It can be difficult to know where to start when deciding whether or not to get involved in carbon trading.
So a recent Graham Centre Livestock Forum broke this down for producers, looking not just at whether consumers might be willing to pay for produce from a system that captures carbon, but also at potential on farm gains that benefit the producer.
"The whole space of carbon storage and environmental credits is an opportunity to improve the income for landholders," said fourth generation Riverina grazier Michael Gooden during the forum.
Also a former regional Landcare facilitator for the Riverina Local Land Service, Mr Gooden is currently employed as a senior advisor with private holistic education provider, RCS Australia.
His topic was "Carbon trading: Is it worth it for Riverina livestock producers?",and he opened with an observation from RCS Australia's founder, Terry McCosker, that consumers don't pay the full price for agricultural produce, which is being reflected in the degradation of the landscape.
However, he said the restoration of a soil carbon bank could greatly assist in improving the returns for landholders over the long term.
"When we are talking about soil carbon, we are referring to the stabilised organic matter," he said.
Carbon has been around for 375 million years and is part of the natural birth, growth, reproduction and decay cycle, Mr Gooden explained.
"Annual global emissions are in the order of nine gigatonnes of carbon and what we want to know is how we can profitably store that within the existing pool of about 1580 gigatonnes carbon in the soil," he said.
"There are production benefits from increasing soil carbon and there is the monetary component [from trading carbon credits].
"Obviously, from a production perspective, with increased soil carbon we've got better nutrient cycling, water infiltration and plant growth, and water holding capacity is an extremely powerful outcome from increasing soil carbon."
These were the pathways through which the landholder could increase on-farm productivity, and increase biodiversity,while also following a path towards an on-farm carbon project.
"There could be two streams of income," he said.
"One is from the latent carbon source and the other is from the production benefits from improving soil carbon."
Photosynthesis of plants plays a massive role in capturing carbon, and traditionally, Mr Gooden said, we've been thinking of soil carbon as organic matter.
"But the latest research is starting to show that actual biological activity is also providing another avenue to store carbon," he said.
"I think that will drive a lot of the potential to increase our storage rates over time.
"Studies from the US show there is a big increase in soil organic carbon storage after you have reached a three per cent threshold. And that is basically coming from increased biological activity which is where it gets really exciting."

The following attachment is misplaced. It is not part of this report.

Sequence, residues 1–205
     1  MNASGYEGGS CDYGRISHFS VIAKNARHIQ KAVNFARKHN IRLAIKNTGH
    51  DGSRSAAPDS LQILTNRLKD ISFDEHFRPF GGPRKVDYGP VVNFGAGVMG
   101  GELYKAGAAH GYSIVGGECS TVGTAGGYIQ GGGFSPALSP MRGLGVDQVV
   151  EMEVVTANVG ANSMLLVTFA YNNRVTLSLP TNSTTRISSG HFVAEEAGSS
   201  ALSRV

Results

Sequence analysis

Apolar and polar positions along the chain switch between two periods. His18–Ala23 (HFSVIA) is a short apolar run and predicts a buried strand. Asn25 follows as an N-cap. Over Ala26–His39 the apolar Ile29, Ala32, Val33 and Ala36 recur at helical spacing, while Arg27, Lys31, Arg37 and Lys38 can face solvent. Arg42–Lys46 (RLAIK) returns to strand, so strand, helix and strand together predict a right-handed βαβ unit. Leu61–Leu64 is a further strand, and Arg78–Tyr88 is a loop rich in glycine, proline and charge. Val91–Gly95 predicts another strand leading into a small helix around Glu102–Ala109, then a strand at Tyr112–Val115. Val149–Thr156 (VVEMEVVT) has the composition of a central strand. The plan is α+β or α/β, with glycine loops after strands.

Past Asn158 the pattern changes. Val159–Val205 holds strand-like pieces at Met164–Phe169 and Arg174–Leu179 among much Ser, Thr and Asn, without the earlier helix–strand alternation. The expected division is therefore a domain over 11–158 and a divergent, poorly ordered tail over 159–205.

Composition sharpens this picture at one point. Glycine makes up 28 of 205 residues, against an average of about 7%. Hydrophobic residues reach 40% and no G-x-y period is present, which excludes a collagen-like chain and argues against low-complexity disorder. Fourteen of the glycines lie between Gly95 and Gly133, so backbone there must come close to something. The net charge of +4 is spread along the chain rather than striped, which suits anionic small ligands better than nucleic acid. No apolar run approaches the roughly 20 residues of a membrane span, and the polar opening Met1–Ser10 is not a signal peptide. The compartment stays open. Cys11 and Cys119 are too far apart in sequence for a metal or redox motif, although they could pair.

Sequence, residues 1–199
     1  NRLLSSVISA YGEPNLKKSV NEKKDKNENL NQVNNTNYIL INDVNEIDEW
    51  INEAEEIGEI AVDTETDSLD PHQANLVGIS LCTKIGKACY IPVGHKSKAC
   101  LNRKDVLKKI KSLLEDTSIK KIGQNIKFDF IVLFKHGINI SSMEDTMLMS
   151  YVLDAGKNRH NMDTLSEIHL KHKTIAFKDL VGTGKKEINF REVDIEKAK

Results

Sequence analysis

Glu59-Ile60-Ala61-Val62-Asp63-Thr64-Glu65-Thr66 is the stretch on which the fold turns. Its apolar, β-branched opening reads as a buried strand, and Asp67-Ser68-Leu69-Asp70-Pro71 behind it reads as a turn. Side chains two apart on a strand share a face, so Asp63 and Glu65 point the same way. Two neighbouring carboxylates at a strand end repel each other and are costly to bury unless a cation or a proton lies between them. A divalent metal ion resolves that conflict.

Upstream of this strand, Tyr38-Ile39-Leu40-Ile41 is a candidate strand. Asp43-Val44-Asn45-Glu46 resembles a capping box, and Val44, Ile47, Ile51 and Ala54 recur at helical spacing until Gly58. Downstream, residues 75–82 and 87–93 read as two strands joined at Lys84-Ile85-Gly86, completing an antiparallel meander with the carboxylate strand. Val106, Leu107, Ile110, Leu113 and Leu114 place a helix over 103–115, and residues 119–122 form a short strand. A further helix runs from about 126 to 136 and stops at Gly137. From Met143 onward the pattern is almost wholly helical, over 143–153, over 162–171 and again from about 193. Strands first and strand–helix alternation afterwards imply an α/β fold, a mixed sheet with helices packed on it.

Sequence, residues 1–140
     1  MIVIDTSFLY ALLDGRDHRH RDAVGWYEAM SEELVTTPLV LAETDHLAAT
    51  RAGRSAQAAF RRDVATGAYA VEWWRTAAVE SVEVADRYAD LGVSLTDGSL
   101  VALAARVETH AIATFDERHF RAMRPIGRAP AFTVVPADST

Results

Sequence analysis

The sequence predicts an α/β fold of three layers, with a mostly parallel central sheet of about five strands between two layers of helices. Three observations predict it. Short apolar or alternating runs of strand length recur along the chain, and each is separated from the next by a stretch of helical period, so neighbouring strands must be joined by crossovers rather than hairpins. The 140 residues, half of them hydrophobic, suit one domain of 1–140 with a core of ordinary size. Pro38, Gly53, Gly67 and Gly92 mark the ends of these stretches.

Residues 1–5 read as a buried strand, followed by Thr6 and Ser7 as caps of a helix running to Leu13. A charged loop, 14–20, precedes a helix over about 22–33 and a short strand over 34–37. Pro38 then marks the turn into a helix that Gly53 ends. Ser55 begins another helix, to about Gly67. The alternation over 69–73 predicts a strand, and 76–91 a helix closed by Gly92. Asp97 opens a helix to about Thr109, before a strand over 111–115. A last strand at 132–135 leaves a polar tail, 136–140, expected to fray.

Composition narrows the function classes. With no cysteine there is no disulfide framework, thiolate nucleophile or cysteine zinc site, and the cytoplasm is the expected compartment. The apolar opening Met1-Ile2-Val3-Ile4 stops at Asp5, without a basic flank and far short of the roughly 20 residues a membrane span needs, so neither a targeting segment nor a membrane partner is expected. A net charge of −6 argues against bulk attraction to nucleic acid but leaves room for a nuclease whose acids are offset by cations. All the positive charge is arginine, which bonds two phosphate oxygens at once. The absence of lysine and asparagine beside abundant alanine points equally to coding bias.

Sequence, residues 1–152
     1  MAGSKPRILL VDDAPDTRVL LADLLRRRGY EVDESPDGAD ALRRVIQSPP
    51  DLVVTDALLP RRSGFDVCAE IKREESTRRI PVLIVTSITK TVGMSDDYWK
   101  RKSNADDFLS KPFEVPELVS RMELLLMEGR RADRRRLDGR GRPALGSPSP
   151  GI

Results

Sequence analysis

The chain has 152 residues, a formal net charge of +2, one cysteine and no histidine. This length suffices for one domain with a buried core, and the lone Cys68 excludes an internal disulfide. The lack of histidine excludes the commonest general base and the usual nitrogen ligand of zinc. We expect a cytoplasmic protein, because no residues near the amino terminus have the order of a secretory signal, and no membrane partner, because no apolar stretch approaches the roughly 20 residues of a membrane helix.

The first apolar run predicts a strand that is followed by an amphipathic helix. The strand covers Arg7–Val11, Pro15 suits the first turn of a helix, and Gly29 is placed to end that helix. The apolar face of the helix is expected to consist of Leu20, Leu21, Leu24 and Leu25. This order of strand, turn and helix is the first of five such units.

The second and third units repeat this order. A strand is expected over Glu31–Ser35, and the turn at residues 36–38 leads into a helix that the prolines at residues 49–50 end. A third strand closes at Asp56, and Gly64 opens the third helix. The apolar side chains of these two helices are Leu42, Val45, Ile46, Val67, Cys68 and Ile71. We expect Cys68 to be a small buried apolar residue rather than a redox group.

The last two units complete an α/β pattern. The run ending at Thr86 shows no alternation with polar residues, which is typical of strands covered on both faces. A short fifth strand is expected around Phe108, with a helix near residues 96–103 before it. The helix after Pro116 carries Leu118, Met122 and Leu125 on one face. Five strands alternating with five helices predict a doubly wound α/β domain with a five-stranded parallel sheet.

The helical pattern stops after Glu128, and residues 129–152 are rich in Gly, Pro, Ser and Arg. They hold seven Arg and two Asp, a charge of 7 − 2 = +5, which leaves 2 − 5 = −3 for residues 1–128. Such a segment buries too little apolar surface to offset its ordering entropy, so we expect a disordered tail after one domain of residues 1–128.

Putting that into the practical terms of grazing management, Mr Gooden said there was promosing potential in time-controlled grazing.
"We can see in the top 30 centimetres from one tonne to one and half tonnes sequestration per hectare per year," he said.
"But to understand fully the amount being stored on your land, it is important to take soil samples across all land classes and test them separately so you can measure the differences."
The benefits also extended beyond the farm, with the process being one of few in agriculture which created a multiplier effect.
"For every tonne of carbon stored we are taking 3.67t carbon dioxide out of the atmosphere," he said.
But for those landholders contemplating entering a soil carbon project, will the stored carbon be worth anything?
Carbon is basically a commodity, Mr Gooden said, and as such is subject to the normal constraints of supply and demand.
The big drivers for future carbon returns included: The sequestration rate in tonnes of carbon/ha/year; the price of carbon; and, the cost of measurement.
"At this point in time the cost is a big factor because it needs to be a physical baseline measure and that involves labour and big machinery," he said.
"And obviously the scale of the project is really important - I think that is one of the real challenges in the Riverina where at this point in time the scale can be daunting."
Despite the apparent challenges, Mr Gooden thought future prospects of gaining financially from soil carbon sequestration could be influenced now through changes to the current management practices.
He said the thing farmers shouldconsider was what changes have they made to their business which could qualify them for a carbon project?
"Potentially there are operations on the farm which can be done, such as the application of lime or gypsum, the restoration of perennial pastures or altering the stocking rate, duration or intensity of grazing to make it relatively easy to be able to qualify for this type of project," he said.
However, he cautioned landholders to be prepared for the long term if they chose to embark on a soil carbon project.
"If you are looking at setting up a soil carbon project now, measure your initial baseline as soon as you can, because you wont be able to measure the second baseline until 2027 and that is when potentially you will have carbon to sell."
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